Enthralled by El Nido

I found my paradise in the Philippines.

Spellbounding Siquijor

A brave girl's first ever solo trip was to this mystical island.

The Quiet Charm of Cagbalete Island

Outdoor serenity at its best.

The Rugged Beauty of Islas de Gigantes

The off-the-beaten rockin beauty of Northern Iloilo.

Tuesday, January 27, 2015

Tana Toraja: From Errie To Eccentric

Tana Toraja Day 2

As if nothing happened the day before, we continued to explore Toraja. Though my body was still a bit sore from the cuts and bruises caused by the accident, we went off again with the same motorbike. This time, much more careful. It didn't dampen my adventurous spirit. :)

it's always nice to be out!
Soon enough, we found ourselves enjoying the wind in our faces and the beautiful countryside again.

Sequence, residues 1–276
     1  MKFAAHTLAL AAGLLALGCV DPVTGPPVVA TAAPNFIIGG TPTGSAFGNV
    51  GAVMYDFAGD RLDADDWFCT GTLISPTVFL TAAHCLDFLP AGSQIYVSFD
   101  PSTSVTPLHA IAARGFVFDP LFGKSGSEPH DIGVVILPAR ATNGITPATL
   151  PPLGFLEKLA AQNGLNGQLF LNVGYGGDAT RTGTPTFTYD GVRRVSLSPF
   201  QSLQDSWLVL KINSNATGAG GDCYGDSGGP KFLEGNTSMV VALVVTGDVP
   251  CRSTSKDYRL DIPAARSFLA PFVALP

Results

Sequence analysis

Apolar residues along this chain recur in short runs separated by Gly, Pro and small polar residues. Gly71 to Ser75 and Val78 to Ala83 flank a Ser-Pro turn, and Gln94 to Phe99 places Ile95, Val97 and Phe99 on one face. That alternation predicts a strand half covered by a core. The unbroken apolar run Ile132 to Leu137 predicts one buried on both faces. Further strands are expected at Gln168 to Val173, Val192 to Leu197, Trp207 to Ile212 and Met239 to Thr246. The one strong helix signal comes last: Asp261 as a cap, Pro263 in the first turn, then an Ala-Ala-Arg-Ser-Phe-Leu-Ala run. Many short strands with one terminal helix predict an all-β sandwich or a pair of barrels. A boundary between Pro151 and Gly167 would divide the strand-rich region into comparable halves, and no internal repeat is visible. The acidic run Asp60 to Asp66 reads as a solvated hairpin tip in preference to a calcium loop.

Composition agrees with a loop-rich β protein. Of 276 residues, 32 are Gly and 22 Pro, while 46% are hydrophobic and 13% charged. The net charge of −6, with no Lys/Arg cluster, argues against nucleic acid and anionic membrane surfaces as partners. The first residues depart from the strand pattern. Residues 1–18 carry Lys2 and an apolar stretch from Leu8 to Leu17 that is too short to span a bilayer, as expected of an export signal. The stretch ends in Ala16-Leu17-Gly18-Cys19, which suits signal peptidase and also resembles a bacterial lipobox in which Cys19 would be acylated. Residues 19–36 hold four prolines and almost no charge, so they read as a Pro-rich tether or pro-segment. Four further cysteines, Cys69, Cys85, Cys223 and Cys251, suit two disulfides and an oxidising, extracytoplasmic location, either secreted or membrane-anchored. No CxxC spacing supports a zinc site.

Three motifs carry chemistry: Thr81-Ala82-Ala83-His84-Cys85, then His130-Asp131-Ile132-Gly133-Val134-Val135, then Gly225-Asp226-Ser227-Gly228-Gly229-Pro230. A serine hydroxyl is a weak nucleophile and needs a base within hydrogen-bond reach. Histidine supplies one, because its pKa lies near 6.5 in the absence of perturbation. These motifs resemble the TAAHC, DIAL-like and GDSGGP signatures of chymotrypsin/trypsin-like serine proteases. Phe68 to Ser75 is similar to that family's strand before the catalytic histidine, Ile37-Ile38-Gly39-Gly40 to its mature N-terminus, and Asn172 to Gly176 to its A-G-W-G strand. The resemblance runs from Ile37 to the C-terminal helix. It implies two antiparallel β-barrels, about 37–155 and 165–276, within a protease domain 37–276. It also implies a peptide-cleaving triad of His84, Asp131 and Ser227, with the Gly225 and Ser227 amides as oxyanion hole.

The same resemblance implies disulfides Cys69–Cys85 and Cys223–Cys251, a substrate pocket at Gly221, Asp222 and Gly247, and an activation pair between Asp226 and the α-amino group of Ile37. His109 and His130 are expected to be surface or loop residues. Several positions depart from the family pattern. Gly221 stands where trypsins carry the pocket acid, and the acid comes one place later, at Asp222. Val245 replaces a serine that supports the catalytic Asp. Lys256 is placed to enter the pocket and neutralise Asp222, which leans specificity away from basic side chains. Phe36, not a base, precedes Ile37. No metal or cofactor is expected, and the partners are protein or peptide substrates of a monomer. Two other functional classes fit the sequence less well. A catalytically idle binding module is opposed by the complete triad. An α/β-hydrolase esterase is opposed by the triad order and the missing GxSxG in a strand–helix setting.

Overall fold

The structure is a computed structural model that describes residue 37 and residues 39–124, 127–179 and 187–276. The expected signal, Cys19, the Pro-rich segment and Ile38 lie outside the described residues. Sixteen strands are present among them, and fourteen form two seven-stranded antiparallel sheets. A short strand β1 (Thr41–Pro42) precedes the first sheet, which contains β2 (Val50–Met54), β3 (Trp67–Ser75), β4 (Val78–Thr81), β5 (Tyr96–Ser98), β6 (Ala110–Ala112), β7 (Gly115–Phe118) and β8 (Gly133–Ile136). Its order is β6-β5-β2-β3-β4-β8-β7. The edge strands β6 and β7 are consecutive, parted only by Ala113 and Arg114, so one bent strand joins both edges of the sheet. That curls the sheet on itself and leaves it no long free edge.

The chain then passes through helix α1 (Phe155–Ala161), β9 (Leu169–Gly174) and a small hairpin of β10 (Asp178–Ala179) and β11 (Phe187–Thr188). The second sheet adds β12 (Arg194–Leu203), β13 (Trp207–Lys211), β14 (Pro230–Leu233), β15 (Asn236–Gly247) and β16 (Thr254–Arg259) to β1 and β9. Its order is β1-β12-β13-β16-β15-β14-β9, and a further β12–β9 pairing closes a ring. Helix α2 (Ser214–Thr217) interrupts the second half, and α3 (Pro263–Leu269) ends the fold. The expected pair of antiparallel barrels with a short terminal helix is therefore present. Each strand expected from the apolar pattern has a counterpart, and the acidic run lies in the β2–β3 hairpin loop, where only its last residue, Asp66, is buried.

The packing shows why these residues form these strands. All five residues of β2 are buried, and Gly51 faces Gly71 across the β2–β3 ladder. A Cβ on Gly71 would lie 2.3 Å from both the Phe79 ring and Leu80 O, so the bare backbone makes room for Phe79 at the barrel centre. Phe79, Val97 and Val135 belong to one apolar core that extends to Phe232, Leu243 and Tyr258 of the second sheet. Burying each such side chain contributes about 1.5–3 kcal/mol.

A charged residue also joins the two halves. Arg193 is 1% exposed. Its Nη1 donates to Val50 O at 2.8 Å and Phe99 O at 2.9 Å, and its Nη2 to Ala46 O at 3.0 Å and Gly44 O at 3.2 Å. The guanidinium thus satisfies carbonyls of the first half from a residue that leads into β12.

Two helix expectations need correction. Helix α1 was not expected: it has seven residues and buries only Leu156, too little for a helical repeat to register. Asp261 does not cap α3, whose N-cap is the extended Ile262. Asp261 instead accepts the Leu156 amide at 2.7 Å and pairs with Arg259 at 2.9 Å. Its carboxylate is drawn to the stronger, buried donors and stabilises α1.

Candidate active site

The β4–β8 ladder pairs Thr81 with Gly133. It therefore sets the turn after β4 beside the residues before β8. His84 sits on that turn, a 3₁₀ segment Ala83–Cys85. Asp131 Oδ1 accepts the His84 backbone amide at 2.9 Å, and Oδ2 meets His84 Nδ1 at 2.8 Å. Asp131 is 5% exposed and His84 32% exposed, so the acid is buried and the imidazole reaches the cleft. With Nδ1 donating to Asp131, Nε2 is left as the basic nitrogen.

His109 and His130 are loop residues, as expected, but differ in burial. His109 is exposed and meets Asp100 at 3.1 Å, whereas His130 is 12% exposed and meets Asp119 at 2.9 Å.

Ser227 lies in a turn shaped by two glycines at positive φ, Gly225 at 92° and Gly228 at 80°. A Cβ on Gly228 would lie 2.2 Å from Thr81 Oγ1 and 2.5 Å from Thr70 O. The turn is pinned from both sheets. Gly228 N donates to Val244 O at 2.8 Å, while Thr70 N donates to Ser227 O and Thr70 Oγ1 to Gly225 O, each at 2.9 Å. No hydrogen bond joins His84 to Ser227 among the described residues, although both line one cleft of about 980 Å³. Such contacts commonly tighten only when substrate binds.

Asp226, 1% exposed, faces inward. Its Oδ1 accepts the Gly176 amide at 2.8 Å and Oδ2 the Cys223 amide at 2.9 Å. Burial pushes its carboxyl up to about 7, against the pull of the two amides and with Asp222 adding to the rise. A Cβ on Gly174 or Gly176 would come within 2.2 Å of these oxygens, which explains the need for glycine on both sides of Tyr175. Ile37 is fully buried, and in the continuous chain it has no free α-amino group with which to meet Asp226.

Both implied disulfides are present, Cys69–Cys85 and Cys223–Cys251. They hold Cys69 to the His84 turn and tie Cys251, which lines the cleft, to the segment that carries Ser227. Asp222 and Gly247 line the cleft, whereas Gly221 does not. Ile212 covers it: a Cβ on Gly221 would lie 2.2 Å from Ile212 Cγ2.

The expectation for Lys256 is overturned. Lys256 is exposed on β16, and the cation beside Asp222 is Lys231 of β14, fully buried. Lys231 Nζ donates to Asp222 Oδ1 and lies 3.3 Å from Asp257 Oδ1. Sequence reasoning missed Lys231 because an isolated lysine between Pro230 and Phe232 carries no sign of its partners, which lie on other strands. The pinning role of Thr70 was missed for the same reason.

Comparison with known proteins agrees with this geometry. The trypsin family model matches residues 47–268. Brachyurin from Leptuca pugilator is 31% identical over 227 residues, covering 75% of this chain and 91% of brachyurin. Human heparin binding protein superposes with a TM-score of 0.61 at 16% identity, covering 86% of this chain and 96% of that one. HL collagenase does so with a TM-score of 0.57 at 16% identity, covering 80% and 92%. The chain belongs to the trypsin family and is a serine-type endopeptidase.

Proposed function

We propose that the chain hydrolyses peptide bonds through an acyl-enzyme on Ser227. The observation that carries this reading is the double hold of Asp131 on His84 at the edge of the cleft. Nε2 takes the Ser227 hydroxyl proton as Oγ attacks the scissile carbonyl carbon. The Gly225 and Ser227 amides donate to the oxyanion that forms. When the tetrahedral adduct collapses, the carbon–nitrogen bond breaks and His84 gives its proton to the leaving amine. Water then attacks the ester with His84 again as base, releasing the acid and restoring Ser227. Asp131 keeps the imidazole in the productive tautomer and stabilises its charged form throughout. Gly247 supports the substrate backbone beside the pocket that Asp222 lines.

Lemo

From Rantepao, we traveled 9 kilometers down south to Lemo. This is located north of Makale. Similar to Londa, this is another popular grave site. It is a short trek passing through some rice paddies which makes it more enjoyable.

not your ordinary grave yard, isn't it?

Up close, you can see the graves carved from the cliff face. Do you see those small square wooden doors? Those were the graves. And if you wonder what are those little statues, they are called Tau-tau. The Tau-taus are the wooden statues representing the dead people inside the grave and they believe it becomes the home of their spirit.

say hi to the people Lemo... i mean dead people

If you will look at them closely, they look real and alive because of their eyes! Some of them even have their hands reaching out which make it seem like they're inviting you to come with them. I admit, it felt a little creepy haha!

the Tau-taus are welcoming you :)